John Grisham as a child dreamed of being a professional baseball player. After graduating from law school at Ole Miss in 1981, he went on to practice law for nearly a decade, specialising in criminal defense and personal injury litigation. One day, Grisham overheard the harrowing testimony of a twelve-year-old rape victim and was inspired to start a novel exploring what would have happened if the girl's father had murdered her assailants. Getting up at 5 a.m. every day to get in several hours of writing time before heading off to work, Grisham spent three years on A Time to Kill and finished it in 1987.His next novel, The Firm, spent 47 weeks on The New York Times bestseller list and became the bestselling novel of 1991. Since then, he has written one novel a year, including The Client, The Pelican Brief, The Rainmaker and The Runaway Jury.Today, Grisham has written a collection of stories, a work of non-fiction, three sports novels, five kids' books, and many legal thrillers. His work has been translated into 42 languages. He lives near Charlottesville, Virginia.

Kevin Powers

Kevin Powers was born and raised in Richmond, Virginia. A former soldier who served with the US army in Iraq in 2004-5, he studied English at Virginia Commonwealth University after his honorable discharge and received an MFA in Poetry from the Michener Center for Writers at the University of Texas at Austin. His debut novel, The Yellow Birds, won the Guardian First book Award, the Hemingway Foundation/Pen Award, and was a finalist for the National Book Award. His first collection of poetry, Letter Composed During a Lull in the Fighting, was published in 2014 and was shortlisted for both the TS Eliot Prize and the Forward Prize.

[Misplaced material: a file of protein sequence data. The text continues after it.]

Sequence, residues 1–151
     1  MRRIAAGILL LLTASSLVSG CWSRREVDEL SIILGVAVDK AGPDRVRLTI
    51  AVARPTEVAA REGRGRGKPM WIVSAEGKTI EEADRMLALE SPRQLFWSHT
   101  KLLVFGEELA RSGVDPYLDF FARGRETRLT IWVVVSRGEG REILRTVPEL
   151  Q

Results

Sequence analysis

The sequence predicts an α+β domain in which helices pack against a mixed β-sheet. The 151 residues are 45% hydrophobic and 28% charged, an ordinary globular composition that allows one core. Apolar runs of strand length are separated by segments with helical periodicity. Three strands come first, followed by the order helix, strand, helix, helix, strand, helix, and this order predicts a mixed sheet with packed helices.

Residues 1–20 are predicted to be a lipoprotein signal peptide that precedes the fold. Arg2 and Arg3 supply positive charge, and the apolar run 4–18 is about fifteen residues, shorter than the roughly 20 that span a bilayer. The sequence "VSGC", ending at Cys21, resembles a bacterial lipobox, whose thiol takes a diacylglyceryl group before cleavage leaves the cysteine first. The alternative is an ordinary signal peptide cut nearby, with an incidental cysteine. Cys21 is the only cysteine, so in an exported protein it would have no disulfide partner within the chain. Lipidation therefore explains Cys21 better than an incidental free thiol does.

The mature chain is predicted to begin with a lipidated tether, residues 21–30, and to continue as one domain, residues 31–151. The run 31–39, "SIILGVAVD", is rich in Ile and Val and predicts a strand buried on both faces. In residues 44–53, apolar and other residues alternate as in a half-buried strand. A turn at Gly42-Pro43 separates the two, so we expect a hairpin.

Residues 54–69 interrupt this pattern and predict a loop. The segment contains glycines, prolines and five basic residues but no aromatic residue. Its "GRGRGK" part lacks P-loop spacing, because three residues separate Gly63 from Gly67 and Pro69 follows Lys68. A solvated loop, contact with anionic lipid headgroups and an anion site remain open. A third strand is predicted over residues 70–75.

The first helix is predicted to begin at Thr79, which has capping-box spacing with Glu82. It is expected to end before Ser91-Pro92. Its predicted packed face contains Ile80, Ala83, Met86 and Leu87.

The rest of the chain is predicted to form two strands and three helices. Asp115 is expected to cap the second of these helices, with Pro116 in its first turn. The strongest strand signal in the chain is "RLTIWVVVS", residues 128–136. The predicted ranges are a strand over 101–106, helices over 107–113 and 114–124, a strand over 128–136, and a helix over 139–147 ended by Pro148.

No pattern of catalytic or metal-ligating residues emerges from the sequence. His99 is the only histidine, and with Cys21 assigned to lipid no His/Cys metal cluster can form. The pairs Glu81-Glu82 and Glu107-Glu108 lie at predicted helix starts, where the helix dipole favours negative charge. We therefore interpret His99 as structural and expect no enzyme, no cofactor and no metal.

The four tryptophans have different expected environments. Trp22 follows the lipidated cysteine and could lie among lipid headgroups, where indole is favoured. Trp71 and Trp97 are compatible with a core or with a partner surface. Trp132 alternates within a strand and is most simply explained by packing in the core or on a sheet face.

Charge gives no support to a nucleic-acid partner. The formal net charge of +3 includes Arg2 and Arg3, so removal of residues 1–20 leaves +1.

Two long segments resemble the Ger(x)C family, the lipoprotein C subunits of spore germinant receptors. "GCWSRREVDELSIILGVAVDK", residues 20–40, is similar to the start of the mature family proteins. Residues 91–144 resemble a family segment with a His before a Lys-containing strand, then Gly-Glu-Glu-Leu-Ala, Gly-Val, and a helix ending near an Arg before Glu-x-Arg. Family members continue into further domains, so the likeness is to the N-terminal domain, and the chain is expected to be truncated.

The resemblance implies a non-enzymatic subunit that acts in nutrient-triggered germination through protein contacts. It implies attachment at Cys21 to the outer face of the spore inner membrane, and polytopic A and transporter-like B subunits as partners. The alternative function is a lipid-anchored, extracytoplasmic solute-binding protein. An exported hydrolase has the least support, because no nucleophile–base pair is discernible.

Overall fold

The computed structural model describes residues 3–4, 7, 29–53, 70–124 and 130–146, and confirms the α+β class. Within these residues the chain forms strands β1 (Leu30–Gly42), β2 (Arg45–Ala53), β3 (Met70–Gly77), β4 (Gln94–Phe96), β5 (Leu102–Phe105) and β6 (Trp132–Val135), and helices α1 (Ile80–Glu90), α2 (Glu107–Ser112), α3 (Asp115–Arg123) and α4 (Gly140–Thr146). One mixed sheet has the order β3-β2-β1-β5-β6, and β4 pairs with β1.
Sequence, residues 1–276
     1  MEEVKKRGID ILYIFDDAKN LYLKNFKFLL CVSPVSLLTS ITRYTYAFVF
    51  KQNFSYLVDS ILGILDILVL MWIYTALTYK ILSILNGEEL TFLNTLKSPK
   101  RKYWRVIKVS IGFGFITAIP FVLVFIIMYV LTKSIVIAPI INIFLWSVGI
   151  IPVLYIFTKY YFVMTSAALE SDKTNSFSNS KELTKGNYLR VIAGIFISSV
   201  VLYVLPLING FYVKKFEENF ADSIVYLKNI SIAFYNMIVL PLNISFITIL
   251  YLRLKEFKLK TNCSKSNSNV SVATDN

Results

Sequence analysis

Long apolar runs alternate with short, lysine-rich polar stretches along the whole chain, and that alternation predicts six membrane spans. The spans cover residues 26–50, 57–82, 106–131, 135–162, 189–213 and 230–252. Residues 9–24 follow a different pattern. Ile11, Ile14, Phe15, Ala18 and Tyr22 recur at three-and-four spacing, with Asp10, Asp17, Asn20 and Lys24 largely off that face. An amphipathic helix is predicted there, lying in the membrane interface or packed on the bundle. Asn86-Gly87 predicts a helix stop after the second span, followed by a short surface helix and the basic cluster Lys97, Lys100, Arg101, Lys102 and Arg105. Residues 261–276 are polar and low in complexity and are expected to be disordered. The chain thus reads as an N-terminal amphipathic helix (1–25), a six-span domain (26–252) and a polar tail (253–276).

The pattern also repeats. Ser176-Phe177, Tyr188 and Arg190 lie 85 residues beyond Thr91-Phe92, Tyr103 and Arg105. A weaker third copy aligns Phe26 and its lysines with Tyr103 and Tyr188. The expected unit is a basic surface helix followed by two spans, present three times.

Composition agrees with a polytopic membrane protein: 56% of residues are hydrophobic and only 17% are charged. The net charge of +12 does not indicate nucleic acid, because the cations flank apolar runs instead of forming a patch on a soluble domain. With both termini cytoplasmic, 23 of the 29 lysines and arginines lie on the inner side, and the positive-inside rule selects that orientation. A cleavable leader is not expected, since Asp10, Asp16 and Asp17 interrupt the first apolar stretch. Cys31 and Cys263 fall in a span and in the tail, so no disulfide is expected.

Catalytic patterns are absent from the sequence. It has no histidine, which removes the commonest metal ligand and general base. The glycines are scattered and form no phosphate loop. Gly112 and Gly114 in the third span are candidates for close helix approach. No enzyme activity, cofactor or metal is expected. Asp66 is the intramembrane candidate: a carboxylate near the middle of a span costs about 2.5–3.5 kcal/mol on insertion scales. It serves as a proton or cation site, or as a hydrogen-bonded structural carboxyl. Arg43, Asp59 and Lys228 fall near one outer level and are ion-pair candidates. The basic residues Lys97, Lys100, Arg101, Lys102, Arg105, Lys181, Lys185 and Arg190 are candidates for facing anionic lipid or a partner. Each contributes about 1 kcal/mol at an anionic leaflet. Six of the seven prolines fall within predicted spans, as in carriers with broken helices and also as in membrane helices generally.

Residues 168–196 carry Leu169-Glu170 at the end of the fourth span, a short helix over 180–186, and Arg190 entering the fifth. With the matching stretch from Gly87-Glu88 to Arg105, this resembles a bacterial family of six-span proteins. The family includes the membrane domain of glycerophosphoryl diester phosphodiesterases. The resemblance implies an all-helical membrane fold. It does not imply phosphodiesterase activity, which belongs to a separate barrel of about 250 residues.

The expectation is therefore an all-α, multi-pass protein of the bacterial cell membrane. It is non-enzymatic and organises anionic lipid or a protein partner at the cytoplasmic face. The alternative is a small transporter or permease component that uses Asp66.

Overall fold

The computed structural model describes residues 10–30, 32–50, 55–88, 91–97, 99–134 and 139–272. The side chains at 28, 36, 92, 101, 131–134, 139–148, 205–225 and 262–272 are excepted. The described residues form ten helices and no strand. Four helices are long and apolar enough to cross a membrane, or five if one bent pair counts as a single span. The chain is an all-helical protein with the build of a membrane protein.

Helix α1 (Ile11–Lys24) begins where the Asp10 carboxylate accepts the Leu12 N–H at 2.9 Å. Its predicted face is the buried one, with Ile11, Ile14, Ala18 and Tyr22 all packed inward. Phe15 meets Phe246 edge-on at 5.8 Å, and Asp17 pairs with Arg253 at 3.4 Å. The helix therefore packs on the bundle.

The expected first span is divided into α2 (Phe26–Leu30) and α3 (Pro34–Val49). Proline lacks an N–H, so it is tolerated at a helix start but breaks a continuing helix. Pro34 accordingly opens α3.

Lex Coulton

Lex Coulton studied English, and later Creative Writing, at Oxford. She spent fourteen years teaching English in secondary schools before taking a sabbatical year in Paris, to focus on her writing. She has recently been awarded the Literature Works First Page Prize (2015) and the Thresholds International Feature Writing Prize (2016), and her short fiction is due to appear this year in the Bath Flash Fiction Anthology, the literary magazine Shooter and the London Journal of Fiction. Lex grew up in Herefordshire, and has recently returned to live there with her husband, John, and their dogs Bazil and Sadie.